The Way We Age Now
Medicine has increased the ranks of the elderly. Can it make old age any easier?
by Atul Gawande
April 30, 2007
he hardest substance in the human body isthe white enamel of the teeth. With age, it wears away nonetheless, allowing the softer, darker layers underneath to show through. Meanwhile, the blood supply to the pulp and the roots of the teethatrophies, and the flow of saliva diminishes; the gums tend to become inflamed and pull away from the teeth, exposing the base, making them unstable and elongating their appearance, especially the lowerones. Experts say they can gauge a person’s age to within five years from the examination of a single tooth—if the person has any teeth left to examine.
Scrupulous dental care can help avert toothloss, but growing old gets in the way. Arthritis, tremors, and small strokes, for example, make it difficult to brush and floss, and, because nerves become less sensitive with age, people may notrealize that they have cavity and gum problems until it’s too late. In the course of a normal lifetime, the muscles of the jaw lose about forty per cent of their mass and the bones of the mandible loseabout twenty per cent, becoming porous and weak. The ability to chew declines, and people shift to softer foods, which are generally higher in fermentable carbohydrates and more likely to causecavities. By the age of sixty, Americans have lost, on average, a third of their teeth. After eighty-five, almost forty per cent have no teeth at all.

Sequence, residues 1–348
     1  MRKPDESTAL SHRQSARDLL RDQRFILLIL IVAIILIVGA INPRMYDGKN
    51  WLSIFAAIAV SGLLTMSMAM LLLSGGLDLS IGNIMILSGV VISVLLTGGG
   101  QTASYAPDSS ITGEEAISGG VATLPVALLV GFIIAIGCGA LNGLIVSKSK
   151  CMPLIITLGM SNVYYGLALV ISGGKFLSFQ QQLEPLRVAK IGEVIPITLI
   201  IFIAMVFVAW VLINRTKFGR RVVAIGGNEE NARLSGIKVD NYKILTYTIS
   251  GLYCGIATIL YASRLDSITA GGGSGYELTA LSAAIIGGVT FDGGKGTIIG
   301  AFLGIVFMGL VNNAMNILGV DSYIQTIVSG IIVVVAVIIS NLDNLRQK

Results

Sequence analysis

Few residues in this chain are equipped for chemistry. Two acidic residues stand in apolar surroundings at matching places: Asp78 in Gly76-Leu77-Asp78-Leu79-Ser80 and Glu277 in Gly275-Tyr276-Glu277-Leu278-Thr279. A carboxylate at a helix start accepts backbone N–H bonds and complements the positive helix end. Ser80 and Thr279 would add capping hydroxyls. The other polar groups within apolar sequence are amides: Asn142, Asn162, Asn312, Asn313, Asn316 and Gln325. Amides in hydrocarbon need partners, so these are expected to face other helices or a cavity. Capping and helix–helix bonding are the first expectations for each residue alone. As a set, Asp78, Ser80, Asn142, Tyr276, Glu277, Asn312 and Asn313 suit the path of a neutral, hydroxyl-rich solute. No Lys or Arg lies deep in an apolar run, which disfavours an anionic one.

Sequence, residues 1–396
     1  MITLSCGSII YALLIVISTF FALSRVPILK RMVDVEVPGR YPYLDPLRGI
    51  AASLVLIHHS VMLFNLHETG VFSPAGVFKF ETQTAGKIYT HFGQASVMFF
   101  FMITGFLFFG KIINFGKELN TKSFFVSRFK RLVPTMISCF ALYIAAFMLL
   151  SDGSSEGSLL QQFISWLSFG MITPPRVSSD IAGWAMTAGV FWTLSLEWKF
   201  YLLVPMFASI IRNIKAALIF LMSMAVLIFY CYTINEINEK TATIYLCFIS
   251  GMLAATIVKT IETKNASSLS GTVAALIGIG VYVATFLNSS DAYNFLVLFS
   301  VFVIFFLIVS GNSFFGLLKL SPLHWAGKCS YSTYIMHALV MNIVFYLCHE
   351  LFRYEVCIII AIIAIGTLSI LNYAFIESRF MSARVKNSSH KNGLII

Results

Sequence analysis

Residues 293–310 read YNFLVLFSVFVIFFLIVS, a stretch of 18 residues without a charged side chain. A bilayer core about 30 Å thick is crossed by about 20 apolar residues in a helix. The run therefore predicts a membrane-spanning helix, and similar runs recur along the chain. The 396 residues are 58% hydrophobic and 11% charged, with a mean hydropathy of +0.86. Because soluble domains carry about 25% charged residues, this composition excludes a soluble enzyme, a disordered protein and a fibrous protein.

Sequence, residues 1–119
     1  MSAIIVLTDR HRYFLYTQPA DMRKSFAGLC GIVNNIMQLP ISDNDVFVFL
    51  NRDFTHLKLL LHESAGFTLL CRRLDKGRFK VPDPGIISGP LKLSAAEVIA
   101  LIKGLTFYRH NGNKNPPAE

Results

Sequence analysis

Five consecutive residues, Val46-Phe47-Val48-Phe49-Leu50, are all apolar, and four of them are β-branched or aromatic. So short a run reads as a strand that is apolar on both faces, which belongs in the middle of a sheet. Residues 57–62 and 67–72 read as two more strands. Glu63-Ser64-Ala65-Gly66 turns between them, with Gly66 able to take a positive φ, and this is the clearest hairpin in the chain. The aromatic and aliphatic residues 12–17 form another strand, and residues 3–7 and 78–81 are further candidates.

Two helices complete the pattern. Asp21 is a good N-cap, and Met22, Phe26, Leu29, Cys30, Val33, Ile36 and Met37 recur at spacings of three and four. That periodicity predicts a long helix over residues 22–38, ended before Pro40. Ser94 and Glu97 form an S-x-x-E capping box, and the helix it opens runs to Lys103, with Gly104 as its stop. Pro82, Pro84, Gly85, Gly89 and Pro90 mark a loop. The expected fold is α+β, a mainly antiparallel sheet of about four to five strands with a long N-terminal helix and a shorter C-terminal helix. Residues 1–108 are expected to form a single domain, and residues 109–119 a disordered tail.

Even as our bones and teeth soften, the rest of ourbody hardens. Blood vessels, joints, the muscle and valves of the heart, and even the lungs pick up substantial deposits of calcium and turn stiff. Under a microscope, the vessels and soft tissuesdisplay the same form of calcium that you find in bone. When you reach inside an elderly patient during surgery, the aorta and other major vessels often feel crunchy under your fingers. A recent study...